Malaysia: A fusion of cultures greets the traveller in Malaysia, with influences from China, India and the West and we enjoyed them all. However, my favourite place was tea at the Boh tea plantation in the Cameron Highlands. Delicious!

Laos: So impressed were we with the local cuisine in Laos that we actually took a cookery course there where we learned to stuff lemon grass, make stew and a local dish from raw buffalo meat. It was also our first taste of insects as we ate fried grubs (they tasted like scrambled eggs!).

Japan:
People always assume that sushi is the only thing people eat in Japan, but with a husband who’s allergic to seafood, we got to sample some of the other delicious food here. Japanese curry became a firm favourite for us and I never thought I would eat curry topped with cheese but trust me, it’s amazing. There was also chicken, pork and beef BBQ’s with special sauces. However, it’s true, the strangest thing I ate (hubby bowed out) was a shellfish that looked like a slug, bought for me by a local we met at the Fukouka night market. Too polite to decline, I’m still traumatised at the sight of it!

Spain:
We were so lucky to live in La Rioja, the wine region of Spain. The city in which we lived, Logrono, is famous for having ‘the street of 100 restaurants’. These often tiny stores would sell one type of tapas only, the wine being chosen to compliment the food to perfection. When the tapas ran out, the restaurant would close for the evening so we would have to get to our favourite places early to make sure we could enjoy our treats. There’s too many delicious tapas to choose only one and everyone has their favourite (my students would spend entire lessons arguing over where sold the best tortilla) so here’s a selection.

Wales:
Welsh cakes were an instant hit for us when we moved to Cardiff but I also discovered laver bread, made from seaweed. It’s an unusual taste, but mixed in with scrambled eggs I felt very virtuous with those extra healthy vitamins and minerals.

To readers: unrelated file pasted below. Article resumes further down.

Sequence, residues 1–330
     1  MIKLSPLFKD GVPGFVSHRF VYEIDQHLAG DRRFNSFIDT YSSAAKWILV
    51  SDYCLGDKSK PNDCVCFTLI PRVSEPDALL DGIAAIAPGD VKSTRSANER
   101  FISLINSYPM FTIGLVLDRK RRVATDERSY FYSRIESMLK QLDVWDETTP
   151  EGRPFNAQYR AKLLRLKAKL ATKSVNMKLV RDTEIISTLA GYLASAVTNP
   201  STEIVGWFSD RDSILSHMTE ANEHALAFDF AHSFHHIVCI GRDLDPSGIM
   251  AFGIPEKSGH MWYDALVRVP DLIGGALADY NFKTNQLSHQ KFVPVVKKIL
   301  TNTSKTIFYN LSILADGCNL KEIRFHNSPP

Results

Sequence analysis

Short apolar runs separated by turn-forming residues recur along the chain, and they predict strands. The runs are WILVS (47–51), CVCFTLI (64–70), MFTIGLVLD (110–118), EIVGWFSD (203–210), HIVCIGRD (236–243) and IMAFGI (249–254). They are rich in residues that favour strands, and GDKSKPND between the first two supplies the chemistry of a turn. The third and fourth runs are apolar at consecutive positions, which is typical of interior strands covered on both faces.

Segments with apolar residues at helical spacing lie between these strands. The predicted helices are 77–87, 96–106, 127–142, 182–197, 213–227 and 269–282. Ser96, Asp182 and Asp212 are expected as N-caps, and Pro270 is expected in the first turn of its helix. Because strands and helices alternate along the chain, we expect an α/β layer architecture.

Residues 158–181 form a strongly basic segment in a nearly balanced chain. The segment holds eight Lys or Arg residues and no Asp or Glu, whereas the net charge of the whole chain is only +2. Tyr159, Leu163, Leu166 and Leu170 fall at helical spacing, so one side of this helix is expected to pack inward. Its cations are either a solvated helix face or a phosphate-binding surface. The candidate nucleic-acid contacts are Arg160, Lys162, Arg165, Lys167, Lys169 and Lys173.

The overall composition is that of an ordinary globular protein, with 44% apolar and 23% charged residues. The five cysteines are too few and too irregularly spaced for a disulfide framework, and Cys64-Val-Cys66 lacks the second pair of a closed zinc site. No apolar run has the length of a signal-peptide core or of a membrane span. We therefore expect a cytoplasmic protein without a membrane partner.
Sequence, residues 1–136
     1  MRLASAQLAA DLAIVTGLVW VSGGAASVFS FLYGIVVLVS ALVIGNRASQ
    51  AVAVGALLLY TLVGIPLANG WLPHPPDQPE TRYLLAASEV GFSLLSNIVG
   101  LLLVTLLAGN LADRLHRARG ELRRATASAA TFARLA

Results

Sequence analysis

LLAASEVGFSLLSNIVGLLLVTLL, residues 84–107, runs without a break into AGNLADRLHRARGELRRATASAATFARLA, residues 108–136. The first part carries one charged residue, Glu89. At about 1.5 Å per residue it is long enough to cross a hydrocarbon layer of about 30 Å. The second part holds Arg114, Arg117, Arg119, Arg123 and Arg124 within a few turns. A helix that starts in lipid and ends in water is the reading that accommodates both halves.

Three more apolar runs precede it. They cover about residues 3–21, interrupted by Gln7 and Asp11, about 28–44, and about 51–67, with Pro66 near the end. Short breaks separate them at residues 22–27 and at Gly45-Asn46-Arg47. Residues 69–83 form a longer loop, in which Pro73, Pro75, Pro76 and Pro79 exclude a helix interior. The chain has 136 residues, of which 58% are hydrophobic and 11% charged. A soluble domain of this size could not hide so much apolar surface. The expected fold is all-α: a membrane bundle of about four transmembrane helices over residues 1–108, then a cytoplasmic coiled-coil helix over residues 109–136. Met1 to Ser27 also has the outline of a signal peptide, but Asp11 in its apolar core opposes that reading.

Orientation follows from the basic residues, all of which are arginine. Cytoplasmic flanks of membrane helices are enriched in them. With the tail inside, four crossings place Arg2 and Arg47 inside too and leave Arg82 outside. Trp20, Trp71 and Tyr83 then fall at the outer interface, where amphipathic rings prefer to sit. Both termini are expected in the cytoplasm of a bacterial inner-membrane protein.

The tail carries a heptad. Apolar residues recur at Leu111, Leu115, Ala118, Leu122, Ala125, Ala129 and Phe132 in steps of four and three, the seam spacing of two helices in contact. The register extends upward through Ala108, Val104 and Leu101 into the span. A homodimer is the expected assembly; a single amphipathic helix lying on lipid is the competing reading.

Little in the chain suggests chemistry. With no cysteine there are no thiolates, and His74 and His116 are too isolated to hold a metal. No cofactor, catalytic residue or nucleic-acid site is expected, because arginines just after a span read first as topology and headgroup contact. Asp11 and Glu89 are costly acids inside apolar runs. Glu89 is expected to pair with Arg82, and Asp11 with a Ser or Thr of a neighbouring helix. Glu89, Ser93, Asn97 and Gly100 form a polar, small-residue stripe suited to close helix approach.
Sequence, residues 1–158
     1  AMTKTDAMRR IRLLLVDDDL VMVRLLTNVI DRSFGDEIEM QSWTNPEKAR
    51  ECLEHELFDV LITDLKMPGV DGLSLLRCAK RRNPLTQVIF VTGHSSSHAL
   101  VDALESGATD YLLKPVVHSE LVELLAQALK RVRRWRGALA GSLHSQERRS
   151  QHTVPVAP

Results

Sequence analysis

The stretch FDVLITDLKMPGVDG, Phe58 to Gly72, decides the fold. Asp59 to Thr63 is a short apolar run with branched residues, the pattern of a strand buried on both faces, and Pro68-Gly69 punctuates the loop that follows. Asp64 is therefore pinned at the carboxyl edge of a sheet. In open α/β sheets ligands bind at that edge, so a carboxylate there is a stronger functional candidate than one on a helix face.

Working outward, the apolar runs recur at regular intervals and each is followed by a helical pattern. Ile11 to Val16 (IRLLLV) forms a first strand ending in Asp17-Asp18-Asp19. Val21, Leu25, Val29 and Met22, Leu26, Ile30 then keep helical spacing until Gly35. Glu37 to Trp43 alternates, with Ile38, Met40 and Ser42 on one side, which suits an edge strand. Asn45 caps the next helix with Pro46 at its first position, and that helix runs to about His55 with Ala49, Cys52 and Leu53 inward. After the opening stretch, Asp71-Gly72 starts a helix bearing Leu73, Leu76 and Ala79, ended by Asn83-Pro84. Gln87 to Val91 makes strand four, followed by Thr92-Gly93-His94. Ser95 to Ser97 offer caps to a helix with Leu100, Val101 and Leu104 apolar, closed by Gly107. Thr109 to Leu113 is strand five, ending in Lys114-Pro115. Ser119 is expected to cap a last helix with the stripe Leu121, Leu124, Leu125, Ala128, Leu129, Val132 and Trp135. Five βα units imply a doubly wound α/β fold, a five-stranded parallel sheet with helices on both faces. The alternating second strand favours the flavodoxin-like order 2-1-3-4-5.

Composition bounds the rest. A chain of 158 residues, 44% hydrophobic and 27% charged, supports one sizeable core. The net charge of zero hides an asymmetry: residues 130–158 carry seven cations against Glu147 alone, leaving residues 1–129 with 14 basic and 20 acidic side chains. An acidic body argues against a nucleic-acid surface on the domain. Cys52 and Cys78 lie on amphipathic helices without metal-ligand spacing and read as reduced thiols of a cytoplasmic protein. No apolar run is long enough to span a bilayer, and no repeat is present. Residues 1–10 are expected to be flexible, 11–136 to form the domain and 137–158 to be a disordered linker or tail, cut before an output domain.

Throwback Thursday: What Writing Means to Me

Way back in 2012 I’d freshly arrived in Devon and had helped to set up a writers group. One of our fellow writers had set up an interesting project ‘Vie Hebdomadaires’ where each week guest bloggers would take over and write about anything which interested them. It’s a fun project and there’s been a wide variety of topics covered. If you’ve got spare time, I’d definitely recommend a flick through.

Anyway, I wrote this piece about ‘What Writing Means To Me‘. It was a precis of where I was at that time with my writing and partly why I feel the need to write. Looking back, I’m amazed at how much I’d accomplished and also, how much more I’ve completed. In many respects it’s easy to overlook our accomplishments, but in the five years since I wrote the article, I’ve published ‘Akane: The Last of the Orions‘, I’ve also published two other books in different genres, the adult collection of short stories ‘Weird Wild‘ and the pre-teen novel ‘Ghoulsome Graveyard‘. There’s been assorted short stories published, The Girls Guide to Surviving the Apocalypse has been revived and whilst I lost all my original work on my previous website, here I am blogging again. This amongst assorted crafting projects, short stories, working and being a full time mum and that’s not too shabby!

 

Click the link above to see the original article or carry on reading below.

There is an inordinate amount written about writing: the who, where and why. Quotes on how you should write, what you should write about. To be honest, as someone who has written for years but who is only now trying to become a ‘professional’ writer, it’s all very intimidating, which is why I loved a mini-Twitter campaign led by Jason Arnopp (scriptwriters for shows such as Doctor Who as well as a number of movies) which said that if you write, you’re a writer. Not ‘aspiring’, not ‘desperate’, not ‘wannabe’. You put words onto paper in an order which makes for (hopefully) interesting reading. This led to a lot of people, in the style of a Hollywood movie, announce, ‘My name is … I am a writer.’

So, since then, I’ve taken on board Jason’s words. I no longer describe myself as ‘aspiring’ or ‘attempting to be’. I write, therefore I am a writer.

2012 is the year which I’m focusing on my writing, trying to go from ‘aspiring’ to ‘published’. I set myself a number of aims (I say aims because it sounds less daunting than New Year Resolutions) for the year which I suppose have made me a little introspective about my writing career to date.